Wednesday, July 9, 2008

Another Commission - Birch Tripper - Part 1

A neighbour in the building caught me loading some paddles into the car and inquired about the hobby. Turns out she needed a gift for a paddling friend and another commission came my way. In this particular case, she snuck into her friend's place while she was out of town, grabbed her paddle, and asked me to replicate it.

From the shape of the paddle, it looked to be similar to a Grey Owl Tripper - 58" long with a 27" blade and a 6-1/4" width. This one had a Black Feather branding on the blade face, but I couldn't find a Black Feather paddle company on the net. Instead, I'm assuming it is the logo of Black Feather Adventure Company, a wilderness outfitter based out of my hometown of Toronto. I almost signed up for their Arctic Canoe excursion down the Soper River last summer, but opted for Arctic Watch instead.

What intially struck me about the paddle's design was that the wide & thick blade surface coupled with a thin 1" shaft and a small pear grip meant that the paddle was blade heavy and not balanced at the throat. Replicating the design exactly would mean that this balance flaw would also be copied. At any rate, you could tell the paddle is a favourite given the amount of wear on the handle and the blade. A closeup revealed not only wearing of the varnish layer but complete rot and a few splits in the tip. One more season of heavy tripping and this paddle would be a goner anyway.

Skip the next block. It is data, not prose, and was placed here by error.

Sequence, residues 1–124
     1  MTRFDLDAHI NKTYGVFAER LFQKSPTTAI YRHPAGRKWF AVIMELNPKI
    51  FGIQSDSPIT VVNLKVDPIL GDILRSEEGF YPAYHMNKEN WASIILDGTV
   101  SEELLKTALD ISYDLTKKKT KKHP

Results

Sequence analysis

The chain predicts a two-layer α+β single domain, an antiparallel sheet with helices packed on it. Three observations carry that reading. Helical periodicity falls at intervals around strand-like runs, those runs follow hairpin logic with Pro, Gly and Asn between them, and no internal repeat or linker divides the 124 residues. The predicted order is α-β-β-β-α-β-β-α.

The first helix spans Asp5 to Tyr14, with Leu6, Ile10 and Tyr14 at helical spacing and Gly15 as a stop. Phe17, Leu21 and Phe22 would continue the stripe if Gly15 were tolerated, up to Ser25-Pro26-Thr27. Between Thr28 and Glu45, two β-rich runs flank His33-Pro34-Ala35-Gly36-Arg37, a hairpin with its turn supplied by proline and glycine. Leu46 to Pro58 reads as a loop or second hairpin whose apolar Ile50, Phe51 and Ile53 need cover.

Black Feather Logo; Worn out Tip; Grip damage

I suggested using Yellow Birch rather than cherry as a bit of change, but also because the lighter coloured wood would lend itself better to some pyrography work. Cherry is a decent hardwood but mostly imported from the Carolinean forest zone in the United States. Yellow birch is more prevalent in our area and is an undervalued wood for paddlemaking. Once the centerlines of the board and paddle were determined, it was easy enough to trace around the pattern.

Paddle next to Yellow Birch stock; Tracing out the paddle

I brought the cut out blank up to the cottage for my short holiday up there and made use of the time carving out the paddle on a picnic table under my favourite cedar tree by the lake. Over the course of a few days, the paddle began to take shape. To keep me going, I brought out a portable burner and made some Turkish Coffee to enjoy by the lakeside. My power-boat and jetski loving neighbours were wondering why I was working on yet another paddle...I guess only other canoeists would understand.

Carving by the lakeside

It has since been wetted & sanded down and now I'm just waiting on my neighbour's decision on the decoration. She's an avid birdwatcher as well so is spending some time coming up with a choice for her friend. I'll post again when the paddle's been burned and varnished.

UPDATE - Aug 12, 08: Paddle has been completed - read Part 2

1 comment:

anonymoose said...

yup -- blackfeather -- grey owl paddles with trailhead branding -- i have their cherry beavertail circa 1988 -- cheers -- ian

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